With the global average being somewhat above 1 ton, we damn well need to reduce it to the Afghan level with time.

*Lunatic*, n.
One whose delusions are out of fashion.
by DoDo on Fri Nov 17th, 2006 at 02:49:27 AM EST
D'oh. I somehow misplaced my vote and can't correct it.

*Lunatic*, n.
One whose delusions are out of fashion.
by DoDo on Fri Nov 17th, 2006 at 02:53:32 AM EST
[ Parent ]

yyy


'The history of public debt is full of irony. It rarely follows our ideas of order and justice.' Thomas Piketty
by melo (melometa4(at)gmail.com) on Fri Nov 17th, 2006 at 10:55:38 PM EST
[ Parent ]
I read somewhere that we must reduce the average global emission to 1,2 tons per capita and year. Then nature could take it. But I don't know at which population it was from. If it was at 6 billion, emissions must be reduced to 0,8 tons per capita in a world of 8-9 billion, which is probably where we are heading.

Peak oil is not an energy crisis. It is a liquid fuel crisis.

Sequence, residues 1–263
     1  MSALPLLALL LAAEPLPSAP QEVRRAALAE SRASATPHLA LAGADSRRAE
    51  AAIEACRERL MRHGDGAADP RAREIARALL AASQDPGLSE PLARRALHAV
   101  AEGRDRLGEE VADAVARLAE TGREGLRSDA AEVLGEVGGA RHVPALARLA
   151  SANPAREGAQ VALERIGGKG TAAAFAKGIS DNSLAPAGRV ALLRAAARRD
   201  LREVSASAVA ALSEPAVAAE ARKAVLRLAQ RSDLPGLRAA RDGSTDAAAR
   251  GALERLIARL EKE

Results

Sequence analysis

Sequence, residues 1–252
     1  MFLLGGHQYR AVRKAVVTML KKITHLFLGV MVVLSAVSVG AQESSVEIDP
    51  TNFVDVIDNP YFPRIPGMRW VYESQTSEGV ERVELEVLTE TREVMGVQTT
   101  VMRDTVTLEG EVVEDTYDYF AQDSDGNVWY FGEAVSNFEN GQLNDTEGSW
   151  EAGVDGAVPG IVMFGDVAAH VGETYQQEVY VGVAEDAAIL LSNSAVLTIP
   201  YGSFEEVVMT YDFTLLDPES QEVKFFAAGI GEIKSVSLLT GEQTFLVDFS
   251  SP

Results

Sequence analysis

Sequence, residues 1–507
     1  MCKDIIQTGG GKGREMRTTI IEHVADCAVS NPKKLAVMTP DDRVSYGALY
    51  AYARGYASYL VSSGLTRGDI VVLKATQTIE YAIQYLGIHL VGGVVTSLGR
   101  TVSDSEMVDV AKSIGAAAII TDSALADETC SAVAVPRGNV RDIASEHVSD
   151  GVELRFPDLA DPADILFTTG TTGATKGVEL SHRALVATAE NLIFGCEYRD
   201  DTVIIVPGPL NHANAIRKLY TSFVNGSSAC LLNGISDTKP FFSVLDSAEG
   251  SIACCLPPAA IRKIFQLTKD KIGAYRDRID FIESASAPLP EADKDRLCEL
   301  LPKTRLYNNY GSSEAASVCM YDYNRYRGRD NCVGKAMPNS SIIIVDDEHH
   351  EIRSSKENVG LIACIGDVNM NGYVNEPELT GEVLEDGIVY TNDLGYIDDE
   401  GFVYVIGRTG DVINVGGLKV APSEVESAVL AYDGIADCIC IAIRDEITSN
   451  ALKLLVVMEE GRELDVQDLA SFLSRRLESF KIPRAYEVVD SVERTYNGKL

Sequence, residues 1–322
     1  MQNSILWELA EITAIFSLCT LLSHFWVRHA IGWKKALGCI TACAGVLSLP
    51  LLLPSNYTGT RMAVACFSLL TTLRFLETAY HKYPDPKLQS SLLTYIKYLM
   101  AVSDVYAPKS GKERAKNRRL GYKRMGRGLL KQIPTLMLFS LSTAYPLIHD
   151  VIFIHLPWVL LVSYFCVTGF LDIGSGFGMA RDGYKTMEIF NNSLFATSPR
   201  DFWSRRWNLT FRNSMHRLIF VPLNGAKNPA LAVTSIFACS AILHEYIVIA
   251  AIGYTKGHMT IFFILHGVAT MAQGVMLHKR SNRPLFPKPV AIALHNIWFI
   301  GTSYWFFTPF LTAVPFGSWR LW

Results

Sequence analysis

by Starvid on Fri Nov 17th, 2006 at 10:27:45 AM EST
[ Parent ]
wow, they'll party hearty in afghanistan at 0.8!

'The history of public debt is full of irony. It rarely follows our ideas of order and justice.' Thomas Piketty
by melo (melometa4(at)gmail.com) on Fri Nov 17th, 2006 at 10:30:41 PM EST
[ Parent ]
In the Wikipedia list, for me, it's not Estonia that is a surprise. It's Russia: with 10.3 tons in 2003, it is ahead of most EU countries, though still well behind Soviet-time numbers.

Speaking of the EU, Luxemburg is confirmed as worst offender with 22.0, while Latvia is best with 2.9.

In cold and big Scandinavia (->heating, lighting, long-distance car travel, lots of electronics), apart from dwarf Faroer Islands, nuclear wonderland Finland is a surprise worst offender with 13.0 tons (I'd expected Norway here).

*Lunatic*, n.
One whose delusions are out of fashion.

by DoDo on Fri Nov 17th, 2006 at 03:01:48 AM EST
norway's electricity is all hydro no?
by HiD on Fri Nov 17th, 2006 at 04:36:22 AM EST
[ Parent ]
Yes, but I'd thought that plentiful gas available for heating, the wooden (thus weakly heat-isolated) homes and (I thought) less mass transit outside Oslo than Finland has in the Southern region, together mean more consumption.

*Lunatic*, n.
One whose delusions are out of fashion.
by DoDo on Fri Nov 17th, 2006 at 05:01:08 AM EST
[ Parent ]
The Norwegian are all hydro and all electric heating. The high emissions come from burning gas at all the offshore platforms to generate heat and power. That increases their emissions like 50 % IIRC.

So they are considering linking the platforms with the grid.